Is it? With our colleagues Paul Eastwick, Benjamin Karney, and Harry Reis, we recently published a book-length article in the journal Psychological Science in the Public Interest that examines this question and evaluates online dating from a scientific perspective. We also conclude, however, that online dating is not better than conventional offline dating in most respects, and that it is worse is some respects. Read the whole story: Scientific American. Social Worker, specialize in couples.
Follow Attachment Theory childhood influence on adult relationships. Generally there are four attachment styles that dominate. Secure go with secure.
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These days hardly a week goes by without important discoveries concerning the history of life on Earth making headlines. Indeed, just last month researchers described a fossil that pushes the origins of key mammal features back some 45 million years. And last week scientists announced that new dates for an extinction event that claimed most of Australia’s large animals show that humans, not the climate, wiped them out. Although visual inspection of the rocks, fossils and archaeological remains used to reconstruct our planet’s past provides critical information, only by ascertaining their ages can researchers put this data into a meaningful context.
Scientific American’s “The Science of Online Dating”. Looks like the embed code wasn’t working, but the video will play at Scientific American.
Online dating might give you something, but it’s probably not a soul mate. But now a team of psychologists from five universities has performed a systematic review. Their report is in the journal Psychological Science in the Public Interest. The existing “matching algorithms” miss key variables for long-term love. They necessarily make matches before the parties meet. Data about characteristics like personality and attitudes cannot accurately predict how that real life interaction will function.
The scientists also note that online profile photos are poor proxies for the chemistry sparked by meeting in the flesh. Which leads to a lot of disappointing coffee dates. And many potentially successful matches never happen. Of course the researchers admit online dating helps singles meet more people more quickly. And so might still lead to that magic match. You have free article s left. Already a subscriber? Sign in.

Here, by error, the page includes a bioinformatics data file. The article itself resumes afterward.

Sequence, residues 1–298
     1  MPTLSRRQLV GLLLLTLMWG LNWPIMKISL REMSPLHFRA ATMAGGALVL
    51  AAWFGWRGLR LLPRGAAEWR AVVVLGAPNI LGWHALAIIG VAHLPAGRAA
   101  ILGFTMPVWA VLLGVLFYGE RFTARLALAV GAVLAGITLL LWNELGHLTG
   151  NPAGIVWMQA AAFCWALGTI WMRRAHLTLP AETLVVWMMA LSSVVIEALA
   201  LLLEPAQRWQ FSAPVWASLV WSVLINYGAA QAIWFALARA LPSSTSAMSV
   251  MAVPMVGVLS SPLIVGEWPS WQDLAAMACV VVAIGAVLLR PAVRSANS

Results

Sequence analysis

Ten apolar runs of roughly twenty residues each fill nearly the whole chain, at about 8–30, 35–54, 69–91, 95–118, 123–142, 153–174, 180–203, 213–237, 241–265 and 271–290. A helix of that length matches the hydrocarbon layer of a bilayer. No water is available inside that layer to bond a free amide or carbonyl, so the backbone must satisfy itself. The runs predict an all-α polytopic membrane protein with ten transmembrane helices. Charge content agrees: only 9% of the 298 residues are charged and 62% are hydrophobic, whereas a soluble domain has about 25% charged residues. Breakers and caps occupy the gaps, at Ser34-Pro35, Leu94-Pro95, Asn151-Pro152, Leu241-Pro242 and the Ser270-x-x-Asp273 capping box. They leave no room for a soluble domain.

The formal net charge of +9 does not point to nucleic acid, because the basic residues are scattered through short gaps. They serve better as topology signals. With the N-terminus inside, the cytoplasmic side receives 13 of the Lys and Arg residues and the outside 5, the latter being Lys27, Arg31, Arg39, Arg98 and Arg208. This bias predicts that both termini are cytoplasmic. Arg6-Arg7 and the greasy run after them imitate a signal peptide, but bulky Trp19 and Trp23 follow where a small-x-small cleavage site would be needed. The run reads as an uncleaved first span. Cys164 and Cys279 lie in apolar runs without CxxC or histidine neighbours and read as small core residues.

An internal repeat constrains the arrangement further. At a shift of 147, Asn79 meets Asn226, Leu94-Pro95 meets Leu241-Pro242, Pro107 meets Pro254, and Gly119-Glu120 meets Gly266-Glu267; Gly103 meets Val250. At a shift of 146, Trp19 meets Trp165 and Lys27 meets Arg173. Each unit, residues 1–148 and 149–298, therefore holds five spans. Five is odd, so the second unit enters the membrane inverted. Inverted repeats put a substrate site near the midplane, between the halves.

Online dating flaws
Prior research suggests that we examine large-scale uk consumers. Scientific american is do not knowing how to get a certain type? Search for older man younger woman. Want to marry one woman.
Social anxiety disorder (SAD) is the third-most-common psychological disorder, affecting 15 million men and women in the US. The DSM
More than 3, years ago a catastrophic volcanic eruption struck ancient Thera, known today as the Greek island of Santorini. Ash and pumice rained across the Mediterranean, and tsunami waves rolled onto faraway shores in Crete. In the s archaeologists on Santorini uncovered a Minoan settlement frozen in time, with vibrant wall frescoes decorating multistory houses, all buried by volcanic debris. The eruption was one of the most powerful volcanic explosions of the past 10, years and a crucial time point of the Mediterranean Bronze Age.
It is also a major area of controversy in archaeology; researchers have argued for decades over the date of this cataclysm. Although it does not settle the debate, a recent adjustment to the radiocarbon-dating process narrows down the possibilities. This much anticipated new calibration curve, a set of data points used to convert radiocarbon-dating results into calendar years, is highlighted in a special August issue of Radiocarbon.
Called IntCal20, it draws from nearly twice the data of the previous curve, from —and may prompt scientists to reevaluate the age of sites, artifacts and events around the world. All living things absorb carbon 14, a radioactive carbon isotope that decays at a regular rate over time. This means that shells, bone, charcoal and other organic materials that archaeologists find contain a chemical timestamp. Discovered in the late s, radiocarbon dating transformed the study of prehistory and became the gold standard for establishing chronologies in archaeology.
A second revolution came when scientists realized atmospheric carbon 14 levels vary over time as the result of fluctuations in solar activity—and, more recently, atomic bombs and fossil-fuel burning. Thus, radiocarbon dates need to be calibrated against independent measurements, primarily from chunks of ancient wood.